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The Princess Máxima Center for Pediatric Oncology, the biggest childhood cancer center in Europe, will leverage Google Cloud’s technology to execute research into childhood cancer mutations with the aim of gaining a comprehensive picture of possible tumor-specific mutations, which will hopefully pave the way to a state-of-the-art data resource for researchers worldwide.

The project was awarded to Sparkle within the European tender of the Open Clouds for Research Environments (OCRE) and has been endowed with a grant of close to half a million euros to make this transition possible. As a Google Cloud integrator and in close collaboration with Google Cloud partner Omnigen, Sparkle will help implement the platform over the next two years.

Childhood cancer is a common cause of death by disease in children. By investigating genetic abnormalities in childhood cancer genomes, scientists can gain a better understanding of tumor development or progression. Thanks to Google Cloud technology — featuring scalability, speed, data security and a unique state-of-the-art analysis framework — the two-year project, starting in October this year, has three research aims:

  • Detecting complex mutations and interpreting their impact on tumor development
  • Mapping mutations in non-coding DNA and their impact on nearby coding DNA
  • Providing a secure source of childhood cancer genomics data that may be reusable for other researchers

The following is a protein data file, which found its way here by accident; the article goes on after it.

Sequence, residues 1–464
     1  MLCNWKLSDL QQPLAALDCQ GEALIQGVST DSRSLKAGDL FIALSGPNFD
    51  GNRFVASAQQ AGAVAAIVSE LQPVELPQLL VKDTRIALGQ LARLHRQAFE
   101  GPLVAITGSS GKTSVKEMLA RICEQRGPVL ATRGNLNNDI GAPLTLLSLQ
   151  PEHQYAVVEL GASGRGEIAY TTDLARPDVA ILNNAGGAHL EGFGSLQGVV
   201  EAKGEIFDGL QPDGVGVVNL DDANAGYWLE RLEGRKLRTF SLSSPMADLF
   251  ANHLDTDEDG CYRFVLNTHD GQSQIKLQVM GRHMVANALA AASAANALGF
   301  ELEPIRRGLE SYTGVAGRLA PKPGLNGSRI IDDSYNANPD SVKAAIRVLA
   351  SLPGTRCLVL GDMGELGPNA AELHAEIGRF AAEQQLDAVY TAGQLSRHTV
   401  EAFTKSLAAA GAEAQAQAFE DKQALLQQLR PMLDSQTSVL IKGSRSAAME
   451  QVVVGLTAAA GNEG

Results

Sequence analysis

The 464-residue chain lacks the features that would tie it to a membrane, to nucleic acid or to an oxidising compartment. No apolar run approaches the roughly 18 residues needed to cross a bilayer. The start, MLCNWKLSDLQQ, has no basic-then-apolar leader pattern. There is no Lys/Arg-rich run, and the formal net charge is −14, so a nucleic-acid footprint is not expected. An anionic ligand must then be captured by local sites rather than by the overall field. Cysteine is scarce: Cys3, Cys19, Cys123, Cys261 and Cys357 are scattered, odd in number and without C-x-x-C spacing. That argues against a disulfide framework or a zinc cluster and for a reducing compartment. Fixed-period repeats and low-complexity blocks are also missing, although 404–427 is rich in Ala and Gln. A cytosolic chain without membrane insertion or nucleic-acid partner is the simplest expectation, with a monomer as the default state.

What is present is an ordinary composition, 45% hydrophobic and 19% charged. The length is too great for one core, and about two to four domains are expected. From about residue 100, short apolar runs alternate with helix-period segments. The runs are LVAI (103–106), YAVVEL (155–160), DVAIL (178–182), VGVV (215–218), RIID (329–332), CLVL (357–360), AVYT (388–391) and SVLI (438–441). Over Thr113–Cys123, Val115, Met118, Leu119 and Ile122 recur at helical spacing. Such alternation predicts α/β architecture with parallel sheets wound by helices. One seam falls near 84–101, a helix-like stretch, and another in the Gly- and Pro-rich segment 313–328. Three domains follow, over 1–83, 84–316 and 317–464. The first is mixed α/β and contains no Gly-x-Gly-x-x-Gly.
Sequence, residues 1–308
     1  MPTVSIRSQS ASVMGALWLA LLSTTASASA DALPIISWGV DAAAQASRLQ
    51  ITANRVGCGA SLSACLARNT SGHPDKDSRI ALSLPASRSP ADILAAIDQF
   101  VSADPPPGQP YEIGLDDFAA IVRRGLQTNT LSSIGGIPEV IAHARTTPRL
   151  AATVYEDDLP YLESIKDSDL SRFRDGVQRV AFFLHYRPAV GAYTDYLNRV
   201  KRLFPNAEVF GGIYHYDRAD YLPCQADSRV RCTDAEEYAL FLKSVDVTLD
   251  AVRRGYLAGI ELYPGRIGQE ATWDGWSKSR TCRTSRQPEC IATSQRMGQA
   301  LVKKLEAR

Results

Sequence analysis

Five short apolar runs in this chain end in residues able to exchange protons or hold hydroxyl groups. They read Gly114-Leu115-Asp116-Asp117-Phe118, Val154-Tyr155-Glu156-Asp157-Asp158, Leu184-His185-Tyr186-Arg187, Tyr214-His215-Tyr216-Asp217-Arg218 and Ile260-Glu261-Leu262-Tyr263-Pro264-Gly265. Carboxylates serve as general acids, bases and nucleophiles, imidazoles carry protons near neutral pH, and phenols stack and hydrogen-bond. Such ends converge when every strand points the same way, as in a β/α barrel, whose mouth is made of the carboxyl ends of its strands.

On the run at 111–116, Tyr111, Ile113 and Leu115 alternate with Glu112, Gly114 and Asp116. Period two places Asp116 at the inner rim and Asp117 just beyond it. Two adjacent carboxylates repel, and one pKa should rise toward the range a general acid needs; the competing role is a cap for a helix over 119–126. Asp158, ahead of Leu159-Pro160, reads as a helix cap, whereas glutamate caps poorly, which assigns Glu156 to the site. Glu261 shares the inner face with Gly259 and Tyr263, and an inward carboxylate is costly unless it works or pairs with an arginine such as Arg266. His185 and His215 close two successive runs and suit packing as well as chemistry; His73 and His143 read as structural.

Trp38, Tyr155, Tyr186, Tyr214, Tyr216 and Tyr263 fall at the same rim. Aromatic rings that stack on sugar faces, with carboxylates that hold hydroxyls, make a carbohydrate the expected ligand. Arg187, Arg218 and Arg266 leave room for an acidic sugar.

“We are very proud to participate with our partners in this project, putting digital technologies at the service of scientific research,” says Maria Teresa Ferrigno, EVP Enterprise at Sparkle. “With this project, we confirm our commitment, through the OCRE Cloud Framework, to offer the best cloud solutions to the European education and research sector by reducing the cost and complexity of the transition to the cloud.”

“With the cloud, we can perform large-scale re-analysis with more genome data and at a higher speed. Where an analysis on a local compute cluster could take about six months, using the cloud we could do it in a few weeks,” says Dr. Patrick Kemmeren, who is leading the research group. “It can also stimulate collaboration among researchers: by having lots of standardized data available in the cloud, we can more easily give access to data to collaborators in a secure, controlled way for them to perform their analyses. As childhood cancers are rare, having access to this type of data is essential to accelerate research and eventually develop targeted therapies.”

Paul van Dijk, tech lead research IT of the Princess Máxima Center, states: “Through this project, we hope to lay the foundation for a well-designed Google Cloud environment for research in the Princess Máxima Center. This fits perfectly with the OCRE grant: to ease cloud adoption at the level of the individual researcher as well as at an institutional level.”

Berry Kriesels, CEO and founder of Omnigen, adds: “In a project such as this, we have the opportunity to demonstrate in depth and at full scale the added societal value of cloud computing for scientific research and the aid it can have in understanding hard-to-solve challenges such as pediatric oncology.”

“We are proud that Google Cloud technology, best practices and expertise will contribute to the adoption and effectiveness of cloud services in research. By supporting the Princess Máxima Center, we will play a role in the creation of Comprehensive Childhood Cancer Commons and help to drive innovations in childhood cancer research, diagnostics and treatment,” says Erwin Angelier, head of public sector, Netherlands, Google Cloud.

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